• Cable construction
  • Cable fiber count
  • Splice type
  • Splice location

Step Two: The space needs of the splice closure, the working space, and the cable pathway leading to the splice are important factors that need to be considered. The cable should not be bent so that it twists or violates the minimum bend radius.

Step Three: Use safety precautions to set up the splicing area using ladders or scaffolding, where required.

Step Four: Install a support structure for the splice if necessary. Sustain the proper bending radius of the cable, and keep room for the appropriate splice closure.

Step Five: Install the closure as the closure manufacturer’s instructions, and perform the splice with the splice/splicer manufacturer’s instructions, including but not limited to the following:

  • Cable preparation – often the cable manufacturer’s guidelines and closure manufacturer’s guidelines must both be referenced to achieve the proper procedures and measurements.
  • Secure all cables to prevent movement relative to the closure.
  • Properly bond and ground any cables with metallic components.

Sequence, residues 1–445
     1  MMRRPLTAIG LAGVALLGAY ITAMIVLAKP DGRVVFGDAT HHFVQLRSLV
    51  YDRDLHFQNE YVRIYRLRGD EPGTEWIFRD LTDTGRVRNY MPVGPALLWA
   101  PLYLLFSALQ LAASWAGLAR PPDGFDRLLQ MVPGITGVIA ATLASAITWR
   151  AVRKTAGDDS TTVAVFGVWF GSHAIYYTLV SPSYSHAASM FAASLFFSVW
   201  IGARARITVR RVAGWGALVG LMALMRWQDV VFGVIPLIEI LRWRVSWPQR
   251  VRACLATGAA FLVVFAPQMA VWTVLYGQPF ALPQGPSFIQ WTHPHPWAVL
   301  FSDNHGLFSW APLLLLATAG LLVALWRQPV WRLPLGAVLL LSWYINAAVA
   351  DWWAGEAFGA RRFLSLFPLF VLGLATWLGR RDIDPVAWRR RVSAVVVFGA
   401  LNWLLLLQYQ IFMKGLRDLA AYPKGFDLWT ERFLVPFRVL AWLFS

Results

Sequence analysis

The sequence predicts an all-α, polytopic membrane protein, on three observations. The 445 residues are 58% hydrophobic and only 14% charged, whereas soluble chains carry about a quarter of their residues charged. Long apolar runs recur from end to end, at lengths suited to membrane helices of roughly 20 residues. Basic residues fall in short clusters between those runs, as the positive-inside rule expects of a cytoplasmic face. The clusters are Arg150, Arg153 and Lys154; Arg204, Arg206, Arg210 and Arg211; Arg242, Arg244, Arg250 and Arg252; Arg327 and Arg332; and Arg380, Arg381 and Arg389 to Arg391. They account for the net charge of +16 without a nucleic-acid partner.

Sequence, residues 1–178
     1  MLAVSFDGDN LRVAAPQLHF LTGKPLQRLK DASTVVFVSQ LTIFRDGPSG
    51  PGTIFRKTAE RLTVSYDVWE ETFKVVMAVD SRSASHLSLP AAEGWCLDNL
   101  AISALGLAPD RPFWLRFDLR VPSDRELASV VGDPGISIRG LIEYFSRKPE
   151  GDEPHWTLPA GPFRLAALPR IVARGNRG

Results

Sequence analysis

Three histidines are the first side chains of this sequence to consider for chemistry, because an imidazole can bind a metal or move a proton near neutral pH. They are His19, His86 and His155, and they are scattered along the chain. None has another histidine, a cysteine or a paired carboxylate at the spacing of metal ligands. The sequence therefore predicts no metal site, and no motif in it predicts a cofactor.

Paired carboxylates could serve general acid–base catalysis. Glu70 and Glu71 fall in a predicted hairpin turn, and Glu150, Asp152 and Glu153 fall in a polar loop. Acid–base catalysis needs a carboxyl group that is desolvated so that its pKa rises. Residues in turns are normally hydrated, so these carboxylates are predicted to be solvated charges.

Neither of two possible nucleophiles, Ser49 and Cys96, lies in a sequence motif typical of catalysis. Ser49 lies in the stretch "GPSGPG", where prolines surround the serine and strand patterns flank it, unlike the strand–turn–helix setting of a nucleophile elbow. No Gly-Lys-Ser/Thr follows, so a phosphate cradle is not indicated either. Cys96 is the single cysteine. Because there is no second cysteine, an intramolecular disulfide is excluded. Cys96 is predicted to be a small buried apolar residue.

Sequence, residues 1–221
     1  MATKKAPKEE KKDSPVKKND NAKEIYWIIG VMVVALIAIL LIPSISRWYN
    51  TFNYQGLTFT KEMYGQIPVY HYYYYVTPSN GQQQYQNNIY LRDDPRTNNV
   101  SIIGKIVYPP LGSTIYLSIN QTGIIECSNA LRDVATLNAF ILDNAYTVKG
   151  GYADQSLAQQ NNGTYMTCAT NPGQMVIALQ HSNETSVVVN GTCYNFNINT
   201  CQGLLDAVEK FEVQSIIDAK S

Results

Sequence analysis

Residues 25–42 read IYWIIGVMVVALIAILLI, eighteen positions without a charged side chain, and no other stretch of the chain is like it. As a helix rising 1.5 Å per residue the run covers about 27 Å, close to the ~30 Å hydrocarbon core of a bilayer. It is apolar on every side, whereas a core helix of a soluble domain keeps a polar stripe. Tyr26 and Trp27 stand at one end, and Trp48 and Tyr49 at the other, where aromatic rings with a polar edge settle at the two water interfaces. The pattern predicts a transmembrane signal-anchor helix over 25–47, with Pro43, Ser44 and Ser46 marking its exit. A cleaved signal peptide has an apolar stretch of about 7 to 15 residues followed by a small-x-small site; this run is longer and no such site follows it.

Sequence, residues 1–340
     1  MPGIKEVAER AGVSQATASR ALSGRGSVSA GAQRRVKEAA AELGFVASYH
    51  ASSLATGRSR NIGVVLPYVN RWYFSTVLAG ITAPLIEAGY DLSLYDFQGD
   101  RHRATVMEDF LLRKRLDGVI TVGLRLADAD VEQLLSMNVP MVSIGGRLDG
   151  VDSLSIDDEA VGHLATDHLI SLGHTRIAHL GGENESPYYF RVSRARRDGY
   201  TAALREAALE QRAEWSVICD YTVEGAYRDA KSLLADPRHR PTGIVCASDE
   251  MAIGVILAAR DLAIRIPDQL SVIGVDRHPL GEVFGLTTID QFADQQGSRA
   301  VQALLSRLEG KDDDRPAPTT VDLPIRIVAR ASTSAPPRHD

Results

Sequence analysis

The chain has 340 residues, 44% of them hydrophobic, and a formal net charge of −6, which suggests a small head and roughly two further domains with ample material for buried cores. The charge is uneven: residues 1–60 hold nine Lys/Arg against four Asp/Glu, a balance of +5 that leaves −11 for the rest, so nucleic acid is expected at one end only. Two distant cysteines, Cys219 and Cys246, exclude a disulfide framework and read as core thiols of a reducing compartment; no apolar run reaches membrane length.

• Provide sufficient fiber length inside the closure. Consider both current access and possible future changes. Balance fiber length on both sides of the splice to aid in neat fiber storage.
  • Protect all splices with a splice sleeve and store all splices and slack fiber in a splice tray.
  • Label the splice per the customer specification and update as-built drawings as necessary.
fiber splicing

Step Six: Clear out the work area.


The process of fiber splicing and termination can be more complex in real-case practice. The guide for fiber splicing and termination offered in the article is considered feasible and convenient. I hope you could benefit from this.